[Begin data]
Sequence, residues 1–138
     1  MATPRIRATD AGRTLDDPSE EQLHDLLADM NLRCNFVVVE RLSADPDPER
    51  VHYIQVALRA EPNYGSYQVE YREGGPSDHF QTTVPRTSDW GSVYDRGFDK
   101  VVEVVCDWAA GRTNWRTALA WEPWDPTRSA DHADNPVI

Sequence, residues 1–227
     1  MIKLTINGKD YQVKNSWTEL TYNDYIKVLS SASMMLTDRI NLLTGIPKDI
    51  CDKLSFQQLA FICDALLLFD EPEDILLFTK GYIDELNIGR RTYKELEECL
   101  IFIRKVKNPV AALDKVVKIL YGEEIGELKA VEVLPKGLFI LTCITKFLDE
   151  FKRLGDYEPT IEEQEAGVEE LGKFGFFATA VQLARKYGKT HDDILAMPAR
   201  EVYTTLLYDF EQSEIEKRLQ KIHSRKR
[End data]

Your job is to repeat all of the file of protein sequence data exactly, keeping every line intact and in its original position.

Sequence, residues 1–138
     1  MATPRIRATD AGRTLDDPSE EQLHDLLADM NLRCNFVVVE RLSADPDPER
    51  VHYIQVALRA EPNYGSYQVE YREGGPSDHF QTTVPRTSDW GSVYDRGFDK
   101  VVEVVCDWAA GRTNWRTALA WEPWDPTRSA DHADNPVI

Sequence, residues 1–227
     1  MIKLTINGKD YQVKNSWTEL TYNDYIKVLS SASMMLTDRI NLLTGIPKDI
    51  CDKLSFQQLA FICDALLLFD EPEDILLFTK GYIDELNIGR RTYKELEECL
   101  IFIRKVKNPV AALDKVVKIL YGEEIGELKA VEVLPKGLFI LTCITKFLDE
   151  FKRLGDYEPT IEEQEAGVEE LGKFGFFATA VQLARKYGKT HDDILAMPAR
   201  EVYTTLLYDF EQSEIEKRLQ KIHSRKR